Not a definitive answer, but this sure makes things more interesting. :D That's one reason I like all of this Italian stuff; there's still much that isn't known (in the English speaking world anyway) and it requires a bit of research, which for me is the fun part. While certainly not everything is known about every piece of WWII German equipment, I'd wager to say that just about everything worth knowing has been noted and that sub-genre is hardly lacking in secondary sources, both printed and electronic.
It'd be cool to have answers to what this or that piece of gear was designed before, but it certainly wouldn't be as fun! :D
You're right, that isn't as "glamorous", but I like that answer better! Whether it's true or not, I now have a use for it, besides collecting dust! I neither reenact as an officer nor have such an impression, however I have had need for something period to carry "office" supplies for filling out paper work and documents.
While I like the "Officer's portable writing case idea", there are certain aspects about the case that make me have second thoughts. In particular, the back three compartments. What ever this case was meant for, it seems those three back compartments were designed for something very specific in mind: notice the two middle vertical divider walls have "half-moon" cut outs and the twill "pull-tab" passes through a slot under one of these, but then over the other. If it was intended as a field writing case, it was designed for some very specific writing implements.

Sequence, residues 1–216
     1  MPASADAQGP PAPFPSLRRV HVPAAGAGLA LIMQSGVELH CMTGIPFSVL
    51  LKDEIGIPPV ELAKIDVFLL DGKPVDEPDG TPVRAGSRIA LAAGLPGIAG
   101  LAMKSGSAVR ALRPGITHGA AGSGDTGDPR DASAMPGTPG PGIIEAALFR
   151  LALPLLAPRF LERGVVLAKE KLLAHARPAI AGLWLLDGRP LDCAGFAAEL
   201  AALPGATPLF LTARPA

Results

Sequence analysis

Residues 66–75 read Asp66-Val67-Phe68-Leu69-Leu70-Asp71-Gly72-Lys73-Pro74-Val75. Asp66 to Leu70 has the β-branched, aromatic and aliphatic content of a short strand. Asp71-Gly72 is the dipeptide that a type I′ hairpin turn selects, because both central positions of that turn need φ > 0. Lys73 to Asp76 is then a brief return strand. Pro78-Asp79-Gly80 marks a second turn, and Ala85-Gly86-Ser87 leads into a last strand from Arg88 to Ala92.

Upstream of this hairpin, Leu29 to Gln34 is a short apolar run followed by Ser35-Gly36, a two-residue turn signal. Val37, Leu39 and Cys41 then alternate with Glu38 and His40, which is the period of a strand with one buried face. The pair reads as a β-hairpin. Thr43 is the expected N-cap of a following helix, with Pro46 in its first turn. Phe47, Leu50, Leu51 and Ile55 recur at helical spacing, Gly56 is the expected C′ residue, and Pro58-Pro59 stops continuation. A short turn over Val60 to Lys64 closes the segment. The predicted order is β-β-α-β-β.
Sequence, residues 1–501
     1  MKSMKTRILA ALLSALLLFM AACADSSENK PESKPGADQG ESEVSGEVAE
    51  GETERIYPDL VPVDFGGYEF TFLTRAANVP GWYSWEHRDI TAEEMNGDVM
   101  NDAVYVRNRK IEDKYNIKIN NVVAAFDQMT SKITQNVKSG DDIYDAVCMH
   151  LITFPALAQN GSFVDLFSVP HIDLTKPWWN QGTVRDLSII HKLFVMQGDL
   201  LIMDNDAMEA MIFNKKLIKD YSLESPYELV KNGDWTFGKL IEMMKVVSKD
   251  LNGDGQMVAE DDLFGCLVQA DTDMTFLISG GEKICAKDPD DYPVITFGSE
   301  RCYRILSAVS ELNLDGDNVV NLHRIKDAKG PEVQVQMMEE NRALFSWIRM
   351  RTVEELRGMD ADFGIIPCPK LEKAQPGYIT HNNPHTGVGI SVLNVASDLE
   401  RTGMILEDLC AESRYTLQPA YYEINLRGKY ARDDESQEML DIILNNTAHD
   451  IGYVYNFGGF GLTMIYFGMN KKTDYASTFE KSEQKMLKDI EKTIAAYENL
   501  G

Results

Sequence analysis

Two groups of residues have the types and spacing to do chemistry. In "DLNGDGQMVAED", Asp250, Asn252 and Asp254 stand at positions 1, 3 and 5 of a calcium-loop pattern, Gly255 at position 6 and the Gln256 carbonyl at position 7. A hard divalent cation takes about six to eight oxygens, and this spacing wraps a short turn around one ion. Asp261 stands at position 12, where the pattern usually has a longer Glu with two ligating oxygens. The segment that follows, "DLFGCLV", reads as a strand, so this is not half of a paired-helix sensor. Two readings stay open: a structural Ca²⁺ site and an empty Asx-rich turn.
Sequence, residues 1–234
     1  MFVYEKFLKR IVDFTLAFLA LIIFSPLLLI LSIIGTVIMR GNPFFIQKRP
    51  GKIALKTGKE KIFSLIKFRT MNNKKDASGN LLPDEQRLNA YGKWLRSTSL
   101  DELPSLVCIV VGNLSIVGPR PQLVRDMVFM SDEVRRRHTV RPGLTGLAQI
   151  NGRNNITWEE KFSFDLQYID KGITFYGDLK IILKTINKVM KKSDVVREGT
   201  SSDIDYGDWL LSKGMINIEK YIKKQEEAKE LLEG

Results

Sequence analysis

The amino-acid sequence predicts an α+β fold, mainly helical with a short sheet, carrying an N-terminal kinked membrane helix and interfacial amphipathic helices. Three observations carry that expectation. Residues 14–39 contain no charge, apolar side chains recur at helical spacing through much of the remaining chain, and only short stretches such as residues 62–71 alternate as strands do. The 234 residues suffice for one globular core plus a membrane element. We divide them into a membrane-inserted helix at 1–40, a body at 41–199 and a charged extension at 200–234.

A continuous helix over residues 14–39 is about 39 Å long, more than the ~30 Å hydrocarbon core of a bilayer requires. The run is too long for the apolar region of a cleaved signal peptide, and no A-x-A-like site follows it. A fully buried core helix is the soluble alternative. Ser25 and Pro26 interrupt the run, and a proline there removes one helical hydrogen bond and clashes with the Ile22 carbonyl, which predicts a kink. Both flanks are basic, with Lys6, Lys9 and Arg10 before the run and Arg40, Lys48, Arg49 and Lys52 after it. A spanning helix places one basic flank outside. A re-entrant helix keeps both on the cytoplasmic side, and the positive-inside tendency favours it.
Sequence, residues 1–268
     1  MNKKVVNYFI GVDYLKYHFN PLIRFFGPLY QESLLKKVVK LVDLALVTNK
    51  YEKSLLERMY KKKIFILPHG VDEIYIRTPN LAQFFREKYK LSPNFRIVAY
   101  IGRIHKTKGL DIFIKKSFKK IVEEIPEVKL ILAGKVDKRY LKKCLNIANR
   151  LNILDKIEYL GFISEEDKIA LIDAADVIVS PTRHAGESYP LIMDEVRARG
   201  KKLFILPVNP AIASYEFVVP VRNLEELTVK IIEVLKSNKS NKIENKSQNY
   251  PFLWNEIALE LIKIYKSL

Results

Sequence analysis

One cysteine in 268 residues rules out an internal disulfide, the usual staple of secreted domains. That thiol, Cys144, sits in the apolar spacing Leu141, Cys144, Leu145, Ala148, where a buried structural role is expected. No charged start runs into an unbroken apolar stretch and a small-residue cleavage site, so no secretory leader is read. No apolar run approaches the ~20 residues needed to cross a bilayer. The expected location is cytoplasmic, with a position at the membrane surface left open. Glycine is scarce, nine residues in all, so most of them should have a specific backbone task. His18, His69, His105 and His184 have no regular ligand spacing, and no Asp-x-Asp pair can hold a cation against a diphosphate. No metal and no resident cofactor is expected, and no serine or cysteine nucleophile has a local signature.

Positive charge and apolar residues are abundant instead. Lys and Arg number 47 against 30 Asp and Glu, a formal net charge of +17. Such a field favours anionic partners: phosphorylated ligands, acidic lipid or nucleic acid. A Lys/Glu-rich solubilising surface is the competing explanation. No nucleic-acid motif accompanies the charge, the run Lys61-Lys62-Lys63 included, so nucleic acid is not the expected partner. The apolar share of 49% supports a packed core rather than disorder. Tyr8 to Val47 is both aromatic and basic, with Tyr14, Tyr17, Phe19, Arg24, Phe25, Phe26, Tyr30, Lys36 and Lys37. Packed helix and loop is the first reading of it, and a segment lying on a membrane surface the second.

Does yours differ in any way from the pictures I posted from Sportsman's Guide? As I stated previously, mine has post war coloured leather and hardware. Mine also lacks the leather corners on the outside. I also noticed the middle divider, or "writing surface", is made out of some sort of synthetic, plastic like material.
It might also be worth noting, that I saw this being sold by on the internet by a vendor out of Italy as an engineer's satchel.
I look forward to hearing other's thoughts and speculations on the subject of the "Italian Mystery Box"! :lol:
«Gruppo Italia»: A Bersaglieri Reenactment Group in the Pacific Northwest